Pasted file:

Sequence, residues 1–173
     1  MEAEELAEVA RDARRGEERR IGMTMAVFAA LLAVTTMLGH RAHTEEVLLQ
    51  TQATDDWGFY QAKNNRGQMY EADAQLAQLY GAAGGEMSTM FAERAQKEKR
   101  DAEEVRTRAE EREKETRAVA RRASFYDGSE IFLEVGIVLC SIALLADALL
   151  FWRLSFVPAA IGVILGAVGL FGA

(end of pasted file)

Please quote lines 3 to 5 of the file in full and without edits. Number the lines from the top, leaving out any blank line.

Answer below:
    51  TQATDDWGFY QAKNNRGQMY EADAQLAQLY GAAGGEMSTM FAERAQKEKR
   101  DAEEVRTRAE EREKETRAVA RRASFYDGSE IFLEVGIVLC SIALLADALL
   151  FWRLSFVPAA IGVILGAVGL FGA